That created a difficulty which Lord Pannick realised. It created a difficulty because that made no sense in the context of legislation in which Parliament had already decided to put that very question to the people in a referendum and had set up an act for the purpose of doing that, and so the answer which he was driven to in order to explain away that constitutional strangeness, to put it at its lowest, was that that might be or might not be the only question that Parliament was interested in. Parliament might be interested in other questions but that is not an answer. It is not an answer because it bears no relation, the possibility that Parliament might introduce amendments and the Lords want to discuss negotiating strategy, all of that, it has nothing to do with his legal case. His legal case is you need primary legislative authority just to give the notice. It is no good saying you have to go back because they might want to ask other questions, that is the solution, as he accepts, to his legal case and we respectfully submit therefore that the answer he gave is no answer at all, and indeed we submit that the 2015 Act speaks volumes about the intention of Parliament.

Is the result of no legal significance? We respectfully submit that would be very surprising and you know what our primary case is, namely that it is consistent with the scheme of legislation. It left the royal prerogative power to give notice in the hands of the Government, it introduced no form of control of the kind we saw in 2008 and 2011, and the reason for that is because the royal prerogative exists and existed to give effect to the outcome of the referendum.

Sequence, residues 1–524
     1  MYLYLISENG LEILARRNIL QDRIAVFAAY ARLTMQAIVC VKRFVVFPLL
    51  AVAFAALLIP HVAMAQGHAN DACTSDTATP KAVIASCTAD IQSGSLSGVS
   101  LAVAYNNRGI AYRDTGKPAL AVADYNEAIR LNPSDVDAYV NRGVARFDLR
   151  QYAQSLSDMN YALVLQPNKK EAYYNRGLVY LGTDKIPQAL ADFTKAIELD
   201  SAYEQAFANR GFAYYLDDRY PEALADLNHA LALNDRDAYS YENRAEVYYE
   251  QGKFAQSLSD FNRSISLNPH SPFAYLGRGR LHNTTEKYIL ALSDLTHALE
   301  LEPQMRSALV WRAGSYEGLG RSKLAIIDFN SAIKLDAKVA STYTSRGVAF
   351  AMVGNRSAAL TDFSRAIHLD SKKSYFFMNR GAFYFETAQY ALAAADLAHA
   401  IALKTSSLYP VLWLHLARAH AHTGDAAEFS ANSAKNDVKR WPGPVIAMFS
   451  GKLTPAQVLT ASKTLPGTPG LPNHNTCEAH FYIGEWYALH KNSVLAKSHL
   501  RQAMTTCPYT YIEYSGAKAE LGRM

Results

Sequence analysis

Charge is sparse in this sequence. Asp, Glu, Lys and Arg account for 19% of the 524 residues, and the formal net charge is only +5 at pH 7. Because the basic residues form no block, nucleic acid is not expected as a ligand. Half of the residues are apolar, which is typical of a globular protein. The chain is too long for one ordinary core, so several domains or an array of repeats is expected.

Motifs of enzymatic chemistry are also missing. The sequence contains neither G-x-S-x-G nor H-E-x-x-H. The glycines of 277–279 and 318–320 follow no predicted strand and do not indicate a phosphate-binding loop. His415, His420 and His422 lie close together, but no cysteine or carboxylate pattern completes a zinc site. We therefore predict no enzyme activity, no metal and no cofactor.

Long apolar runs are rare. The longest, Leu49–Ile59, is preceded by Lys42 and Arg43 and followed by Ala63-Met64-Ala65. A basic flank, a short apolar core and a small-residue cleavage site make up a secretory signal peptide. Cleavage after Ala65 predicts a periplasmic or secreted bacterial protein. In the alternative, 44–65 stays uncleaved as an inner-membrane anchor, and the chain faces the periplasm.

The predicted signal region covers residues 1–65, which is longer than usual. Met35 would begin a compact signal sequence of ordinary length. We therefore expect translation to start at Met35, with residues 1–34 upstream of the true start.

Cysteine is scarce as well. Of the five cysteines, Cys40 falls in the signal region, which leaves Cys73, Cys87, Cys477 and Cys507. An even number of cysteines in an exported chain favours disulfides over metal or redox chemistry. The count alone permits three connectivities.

We also say, as you know, alternatively that, even if the 72 Act had the effect that it did on the royal prerogative, the 2015 Act is still highly legally important. A flexibility of the constitution is important -- and I am not going to go back on that, Robinson. It is language and not divination, of course, but you have plenty of language in the 2008 and the 2011 Acts to work through and we know that in the context of the 2015 Act, Parliament chose to set up the referendum as it did.

Can I address one other question just before finally coming to the significance of yesterday's events and that is that no one I think is suggesting that, in our particular context, the foreign affairs prerogative or indeed any ingredient of it has been destroyed. That is not the nature. We are not abeyance. We are a control on exercise. We are not abeyance or abrogation or cutting down or destruction because, even if Parliament had given express authority, that authority would be in nature to exercise the very power, in other words the power on the international plane to withdraw. No one is suggesting that the power to make or unmake treaties, to withdraw from treaties, has gone. So what we are truly dealing with here is not destruction forever, we are -- and it was the Lord Reed analysis I think -- but we are dealing with, on any proper view of it, we are dealing with a situation in which it is the exercise of prerogative that is controlled and, if that is the right analysis, then it is perfectly possible and we respectfully submit the most convincing analysis, if we are wrong on the 72 Act, the most convincing analysis at that stage becomes, if it is all about the exercise of the prerogative, the 2015 Act significance is perfectly obvious, because no one asserts -- and Lord Pannick accepted in questioning with Lord Reed that, if there was power, if the power continued to exist and it was a question of exercise, then after the 2015 Act, no one could possibly say that it was improper or even remotely unlawful for the Government to exercise that particular power.